Millennials are the nation’s most educated generation in history in terms of finishing college. But despite the stereotype that today’s recent college graduates are largely underemployed, the data show that this generation of college grads earns more than ones that came before it.
Marriage is back – at least, a little bit, and with some caveats.
Though the nation is officially four years into “economic recovery,” a new Pew Research Center analysis of recently released Census data suggests that most Millennials are still not setting out on their own.
Until the housing market and home equity levels fully recover, the typical American household still has a ways to go.
For the first time on record, nearly one out of every two dollars in aggregate U.S. household income went to the college educated.
On Tuesday the Census Bureau released its annual trove of data on income, poverty and health insurance in 2012. Here were some of the key findings on household income: New data show that median household income has stagnated for the longest period since the government began collecting such data in 1967. In 2012 the median […]
In 2012, 36% of the nation’s young adults ages 18 to 31—the so-called Millennial generation—were living in their parents’ home, the highest share in at least four decades. The number of young adults doing so has risen by 3 million since the start of the start of the recession in 2007, an increase driven by a combination of economic, educational and cultural factors.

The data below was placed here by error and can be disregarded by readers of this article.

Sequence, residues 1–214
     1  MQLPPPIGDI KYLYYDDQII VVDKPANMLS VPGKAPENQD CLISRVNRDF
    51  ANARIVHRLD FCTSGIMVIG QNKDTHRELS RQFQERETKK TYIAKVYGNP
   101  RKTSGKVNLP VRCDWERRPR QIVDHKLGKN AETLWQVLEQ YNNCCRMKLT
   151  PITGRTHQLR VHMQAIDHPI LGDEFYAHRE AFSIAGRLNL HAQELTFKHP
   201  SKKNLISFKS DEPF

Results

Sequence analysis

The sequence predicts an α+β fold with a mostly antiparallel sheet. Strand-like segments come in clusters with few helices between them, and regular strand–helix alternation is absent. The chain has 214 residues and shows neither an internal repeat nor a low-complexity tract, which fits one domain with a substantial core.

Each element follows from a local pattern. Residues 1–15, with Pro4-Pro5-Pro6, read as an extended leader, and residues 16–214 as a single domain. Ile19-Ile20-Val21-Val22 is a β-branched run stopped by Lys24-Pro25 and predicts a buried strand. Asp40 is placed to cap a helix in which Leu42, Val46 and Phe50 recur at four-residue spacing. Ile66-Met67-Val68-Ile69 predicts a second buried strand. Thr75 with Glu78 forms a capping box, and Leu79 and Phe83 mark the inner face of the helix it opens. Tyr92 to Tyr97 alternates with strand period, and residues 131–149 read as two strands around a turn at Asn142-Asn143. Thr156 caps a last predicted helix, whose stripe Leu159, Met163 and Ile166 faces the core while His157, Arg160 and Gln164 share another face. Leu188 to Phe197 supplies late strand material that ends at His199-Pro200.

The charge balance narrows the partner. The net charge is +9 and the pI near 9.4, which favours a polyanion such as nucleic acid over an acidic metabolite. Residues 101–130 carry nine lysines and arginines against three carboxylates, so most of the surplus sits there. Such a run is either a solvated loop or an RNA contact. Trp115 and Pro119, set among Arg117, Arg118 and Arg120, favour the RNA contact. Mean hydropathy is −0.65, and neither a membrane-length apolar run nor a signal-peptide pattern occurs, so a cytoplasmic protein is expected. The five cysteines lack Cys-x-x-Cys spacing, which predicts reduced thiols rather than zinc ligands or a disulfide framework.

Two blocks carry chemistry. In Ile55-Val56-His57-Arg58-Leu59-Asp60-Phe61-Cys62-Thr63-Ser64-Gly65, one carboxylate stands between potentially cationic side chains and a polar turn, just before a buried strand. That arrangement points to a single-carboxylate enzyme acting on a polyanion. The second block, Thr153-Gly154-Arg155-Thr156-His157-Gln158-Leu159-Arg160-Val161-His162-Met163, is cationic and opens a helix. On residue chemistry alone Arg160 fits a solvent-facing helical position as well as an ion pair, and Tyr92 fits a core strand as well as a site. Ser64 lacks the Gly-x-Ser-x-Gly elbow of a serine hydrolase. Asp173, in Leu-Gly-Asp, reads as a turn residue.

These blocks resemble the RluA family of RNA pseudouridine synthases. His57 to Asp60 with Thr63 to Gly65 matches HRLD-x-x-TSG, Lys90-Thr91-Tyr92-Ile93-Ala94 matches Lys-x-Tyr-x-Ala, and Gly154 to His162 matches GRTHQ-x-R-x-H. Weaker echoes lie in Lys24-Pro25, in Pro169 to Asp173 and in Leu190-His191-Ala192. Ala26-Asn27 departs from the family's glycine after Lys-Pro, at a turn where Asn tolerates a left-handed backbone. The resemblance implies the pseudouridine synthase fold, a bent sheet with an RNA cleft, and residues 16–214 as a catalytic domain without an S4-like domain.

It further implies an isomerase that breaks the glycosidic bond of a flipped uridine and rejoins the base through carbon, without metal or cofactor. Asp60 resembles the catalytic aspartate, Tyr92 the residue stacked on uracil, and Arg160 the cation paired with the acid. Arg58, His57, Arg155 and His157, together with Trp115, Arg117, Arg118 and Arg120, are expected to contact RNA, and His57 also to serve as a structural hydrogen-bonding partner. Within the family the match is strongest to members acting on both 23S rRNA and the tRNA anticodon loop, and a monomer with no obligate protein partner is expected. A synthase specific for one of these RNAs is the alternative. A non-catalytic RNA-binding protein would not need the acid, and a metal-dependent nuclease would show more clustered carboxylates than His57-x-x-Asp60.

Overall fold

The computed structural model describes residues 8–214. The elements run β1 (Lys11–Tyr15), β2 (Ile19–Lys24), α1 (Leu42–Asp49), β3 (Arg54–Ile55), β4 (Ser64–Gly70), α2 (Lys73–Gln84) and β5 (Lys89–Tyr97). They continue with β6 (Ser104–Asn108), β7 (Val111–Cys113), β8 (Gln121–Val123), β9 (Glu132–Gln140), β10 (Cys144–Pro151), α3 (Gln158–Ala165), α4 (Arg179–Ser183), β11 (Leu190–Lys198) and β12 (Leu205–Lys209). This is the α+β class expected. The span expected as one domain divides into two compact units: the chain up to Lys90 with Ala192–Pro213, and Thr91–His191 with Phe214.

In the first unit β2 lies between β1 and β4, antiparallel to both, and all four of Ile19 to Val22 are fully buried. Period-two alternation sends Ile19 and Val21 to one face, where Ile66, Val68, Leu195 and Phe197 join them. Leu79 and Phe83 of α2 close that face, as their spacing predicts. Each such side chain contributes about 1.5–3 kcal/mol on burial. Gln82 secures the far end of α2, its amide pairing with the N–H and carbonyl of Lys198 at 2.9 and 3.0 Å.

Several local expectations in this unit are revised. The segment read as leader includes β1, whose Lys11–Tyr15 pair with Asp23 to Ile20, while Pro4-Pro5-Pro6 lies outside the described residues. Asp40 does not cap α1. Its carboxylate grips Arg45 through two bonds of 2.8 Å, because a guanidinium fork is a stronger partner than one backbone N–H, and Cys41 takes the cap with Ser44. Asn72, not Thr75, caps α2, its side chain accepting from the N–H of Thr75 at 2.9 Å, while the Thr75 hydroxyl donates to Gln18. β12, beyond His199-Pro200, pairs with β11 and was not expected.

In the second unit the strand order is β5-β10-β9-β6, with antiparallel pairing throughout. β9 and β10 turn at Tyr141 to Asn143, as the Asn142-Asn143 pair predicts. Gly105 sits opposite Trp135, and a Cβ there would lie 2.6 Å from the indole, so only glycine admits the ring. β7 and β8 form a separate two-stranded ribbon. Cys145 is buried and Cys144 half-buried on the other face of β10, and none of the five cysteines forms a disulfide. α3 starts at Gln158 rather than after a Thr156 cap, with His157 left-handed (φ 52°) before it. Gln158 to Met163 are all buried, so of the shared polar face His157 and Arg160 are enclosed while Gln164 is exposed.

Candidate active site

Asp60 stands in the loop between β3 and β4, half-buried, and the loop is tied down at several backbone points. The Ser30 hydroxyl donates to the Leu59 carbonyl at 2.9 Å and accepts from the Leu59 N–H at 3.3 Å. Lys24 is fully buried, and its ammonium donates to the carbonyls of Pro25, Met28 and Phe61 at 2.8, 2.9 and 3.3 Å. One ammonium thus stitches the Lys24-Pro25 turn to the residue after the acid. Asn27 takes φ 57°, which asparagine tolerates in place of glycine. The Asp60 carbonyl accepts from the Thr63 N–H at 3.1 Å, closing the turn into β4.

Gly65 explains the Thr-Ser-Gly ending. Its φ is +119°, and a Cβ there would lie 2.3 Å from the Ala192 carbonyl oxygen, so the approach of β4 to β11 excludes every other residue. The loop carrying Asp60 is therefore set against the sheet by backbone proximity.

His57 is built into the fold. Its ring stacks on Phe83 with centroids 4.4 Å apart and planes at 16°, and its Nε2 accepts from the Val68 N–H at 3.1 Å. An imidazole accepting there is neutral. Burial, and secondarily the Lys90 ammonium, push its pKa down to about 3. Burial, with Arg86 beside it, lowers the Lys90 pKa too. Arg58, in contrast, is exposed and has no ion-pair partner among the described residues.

I. Overview A record seven-in-ten (69%) Hispanic high school graduates in the class of 2012 enrolled in college that fall, two percentage points higher than the rate (67%) among their white counterparts,1 according to a Pew Research Center analysis of new data from the U.S. Census Bureau.2 This milestone is the result of a long-term increase […]
During the first two years of the nation’s economic recovery, the mean net worth of households in the upper 7% of the wealth distribution rose by an estimated 28%, while the mean net worth of households in the lower 93% dropped by 4%, according to a Pew Research Center analysis of newly released Census Bureau […]
After running up record debt-to-income ratios during the bubble economy of the 2000s, young adults shed substantially more debt than older adults did during the Great Recession and its immediate aftermath—mainly by virtue of owning fewer houses and cars, according to a new Pew Research Center analysis of Federal Reserve Board and other government data. […]